Alice Guy Blaché Volume 2: The Solax Years
A pioneer in film making, Alice Guy Blache first began making films in France; in 1907, she assumed head of the Solax Company in New Jersey and started to produce silent films in America. This restored collection of films by Alice Guy covers her work from 1911-1914 during the silent era of motion picture making. A booklet accompanies the disc providing a description of her film style, narration, and film features. Like Volume 1 covering Alice Guy’s early years, Volume 2 is entirely composed of films and includes comedies that incorporate cross-dressing, courtship, and comedy of errors; serious and humorous westerns; social drama with stories about poverty, crime, and honor; and, features which contain mise-en-scene, children, and adventure. Films during this transitional period in motion picture making were silent, in black and white, and included title cards to set the next scene or offer information. Music was an important contribution to setting the mood of the story, and, these films are accompanied by entertaining piano music.
The films in this assemblage are short but still longer than Alice Guy’s earlier films. For instance, her westerns may run 10 minutes each. The comedies are very funny. In Officer Henderson (1913), two policemen are told to dress as women in order to catch pickpockets in a ladies’ department store. Following work, Henderson goes to a restaurant, and a gentleman approaches and starts a flirtation. Later, Officer Henderson goes home, puts the ladies’ clothes in his closet, and leaves again. His wife comes home and finds the outfit; outraged, she decides to confront him disguised as the “other woman” and give him a taste of her knuckles; the next day she goes to the restaurant to meet him, only to find it is another gentleman who is interested in flirting with her. Her husband has a good laugh.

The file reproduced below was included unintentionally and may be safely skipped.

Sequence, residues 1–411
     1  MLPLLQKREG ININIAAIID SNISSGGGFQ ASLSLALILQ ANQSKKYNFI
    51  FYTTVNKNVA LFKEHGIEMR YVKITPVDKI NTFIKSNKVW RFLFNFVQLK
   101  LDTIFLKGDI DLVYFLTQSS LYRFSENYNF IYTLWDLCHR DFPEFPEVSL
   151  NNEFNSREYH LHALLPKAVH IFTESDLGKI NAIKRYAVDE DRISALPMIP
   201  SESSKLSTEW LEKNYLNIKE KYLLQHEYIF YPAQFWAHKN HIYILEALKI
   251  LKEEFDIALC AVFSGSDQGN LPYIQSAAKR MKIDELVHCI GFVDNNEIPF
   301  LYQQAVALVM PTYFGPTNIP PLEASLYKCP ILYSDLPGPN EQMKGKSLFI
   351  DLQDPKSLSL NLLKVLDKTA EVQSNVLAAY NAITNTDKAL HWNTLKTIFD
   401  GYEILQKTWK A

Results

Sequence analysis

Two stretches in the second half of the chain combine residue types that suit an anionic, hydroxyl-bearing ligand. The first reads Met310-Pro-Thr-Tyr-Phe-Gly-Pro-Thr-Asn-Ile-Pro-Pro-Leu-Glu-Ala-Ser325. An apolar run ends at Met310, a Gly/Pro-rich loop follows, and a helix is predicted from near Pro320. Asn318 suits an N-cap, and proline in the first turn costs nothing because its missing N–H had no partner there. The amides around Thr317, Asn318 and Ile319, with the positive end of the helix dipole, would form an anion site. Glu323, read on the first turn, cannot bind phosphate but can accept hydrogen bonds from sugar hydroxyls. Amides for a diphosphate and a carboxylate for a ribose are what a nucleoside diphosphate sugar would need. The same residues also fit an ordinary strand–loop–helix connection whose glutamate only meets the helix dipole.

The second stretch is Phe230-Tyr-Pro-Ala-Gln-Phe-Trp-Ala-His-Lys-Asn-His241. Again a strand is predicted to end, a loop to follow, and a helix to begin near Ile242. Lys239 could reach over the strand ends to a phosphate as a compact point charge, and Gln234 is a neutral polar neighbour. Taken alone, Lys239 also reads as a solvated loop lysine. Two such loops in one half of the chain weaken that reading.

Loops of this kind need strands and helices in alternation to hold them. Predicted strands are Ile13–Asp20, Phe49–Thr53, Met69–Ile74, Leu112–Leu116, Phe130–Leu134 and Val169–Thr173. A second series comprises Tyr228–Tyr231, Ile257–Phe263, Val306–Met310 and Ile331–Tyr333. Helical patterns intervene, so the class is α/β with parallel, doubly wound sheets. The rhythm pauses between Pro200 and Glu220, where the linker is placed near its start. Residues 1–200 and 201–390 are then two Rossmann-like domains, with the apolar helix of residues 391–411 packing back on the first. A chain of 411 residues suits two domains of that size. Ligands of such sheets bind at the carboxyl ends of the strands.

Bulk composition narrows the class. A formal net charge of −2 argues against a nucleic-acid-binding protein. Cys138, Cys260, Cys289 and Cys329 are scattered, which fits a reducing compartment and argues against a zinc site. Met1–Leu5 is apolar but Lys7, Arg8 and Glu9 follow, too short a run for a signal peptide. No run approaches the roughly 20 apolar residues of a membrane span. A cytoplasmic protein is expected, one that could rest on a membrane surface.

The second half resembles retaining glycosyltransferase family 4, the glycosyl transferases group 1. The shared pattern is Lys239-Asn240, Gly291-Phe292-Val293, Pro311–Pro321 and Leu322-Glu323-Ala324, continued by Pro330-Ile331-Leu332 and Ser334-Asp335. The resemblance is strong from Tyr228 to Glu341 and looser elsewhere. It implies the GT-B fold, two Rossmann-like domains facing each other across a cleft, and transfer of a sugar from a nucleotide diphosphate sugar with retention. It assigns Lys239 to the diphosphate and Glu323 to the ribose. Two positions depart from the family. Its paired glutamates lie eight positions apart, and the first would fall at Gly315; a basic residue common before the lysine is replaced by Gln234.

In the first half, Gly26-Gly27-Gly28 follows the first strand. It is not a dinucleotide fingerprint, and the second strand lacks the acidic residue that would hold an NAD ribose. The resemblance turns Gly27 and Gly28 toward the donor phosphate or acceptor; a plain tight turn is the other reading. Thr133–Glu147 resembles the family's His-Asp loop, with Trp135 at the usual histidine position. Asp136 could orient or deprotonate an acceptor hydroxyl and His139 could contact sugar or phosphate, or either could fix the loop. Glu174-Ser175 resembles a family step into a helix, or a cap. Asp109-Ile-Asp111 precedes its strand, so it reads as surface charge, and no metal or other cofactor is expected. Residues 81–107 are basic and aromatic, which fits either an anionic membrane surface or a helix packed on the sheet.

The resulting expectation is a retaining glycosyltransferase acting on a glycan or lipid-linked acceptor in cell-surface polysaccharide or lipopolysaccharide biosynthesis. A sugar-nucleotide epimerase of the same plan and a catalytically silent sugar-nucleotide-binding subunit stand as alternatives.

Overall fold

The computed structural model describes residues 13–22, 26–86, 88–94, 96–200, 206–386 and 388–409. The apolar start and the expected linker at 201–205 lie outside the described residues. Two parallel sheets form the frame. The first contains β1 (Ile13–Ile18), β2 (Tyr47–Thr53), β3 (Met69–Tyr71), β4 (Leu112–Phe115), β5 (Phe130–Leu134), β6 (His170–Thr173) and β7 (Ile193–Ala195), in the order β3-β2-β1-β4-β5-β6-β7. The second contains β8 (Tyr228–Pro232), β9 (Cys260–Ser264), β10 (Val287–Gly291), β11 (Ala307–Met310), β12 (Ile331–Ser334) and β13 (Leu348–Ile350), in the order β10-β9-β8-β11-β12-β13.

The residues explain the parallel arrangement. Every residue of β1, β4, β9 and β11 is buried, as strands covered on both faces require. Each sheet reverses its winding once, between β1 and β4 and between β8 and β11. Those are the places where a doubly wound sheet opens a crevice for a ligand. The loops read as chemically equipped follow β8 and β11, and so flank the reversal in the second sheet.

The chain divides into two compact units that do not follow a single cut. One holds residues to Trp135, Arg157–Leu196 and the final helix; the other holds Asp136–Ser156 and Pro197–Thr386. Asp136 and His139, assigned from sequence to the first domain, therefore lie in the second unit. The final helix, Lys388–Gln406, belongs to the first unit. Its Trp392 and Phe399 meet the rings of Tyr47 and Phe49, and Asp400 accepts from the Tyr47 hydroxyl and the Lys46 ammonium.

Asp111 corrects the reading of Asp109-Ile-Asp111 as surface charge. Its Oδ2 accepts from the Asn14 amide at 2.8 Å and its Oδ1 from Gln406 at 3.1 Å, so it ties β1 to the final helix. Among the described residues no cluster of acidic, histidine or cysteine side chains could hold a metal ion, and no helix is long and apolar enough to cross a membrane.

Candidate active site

In the western comedy Parson Sue, a lady preacher is dressed like a man and tries to promote spiritual leadership and teach the cowboys proper hygiene and sobriety. The cowboys are astounded to find out she is a female, begin buying soap and perfume, and washing vigorously at the water stand; one cowpuncher Billy becomes converted to Parson Sue’s ways and falls in love with her. Alice Guy features another independent female figure in Broken Oath.
Concerned with social issues, Alice Guy produced stories with social drama and these films from 1912-1913 include: A Terrible Lesson, A Man’s a Man, Making an American Citizen, The Strike, and The Thief. Dealing with immigration, Americanism, and society’s urban problems and their effect on employees and children, the films treat societal issues in an inventive way. Five miscellaneous features round out the collection. It is remarkable to see these century-old preserved films restored for viewing and study; this amazing collection deserves discovery by a new generation. Highly recommended. (T. Root)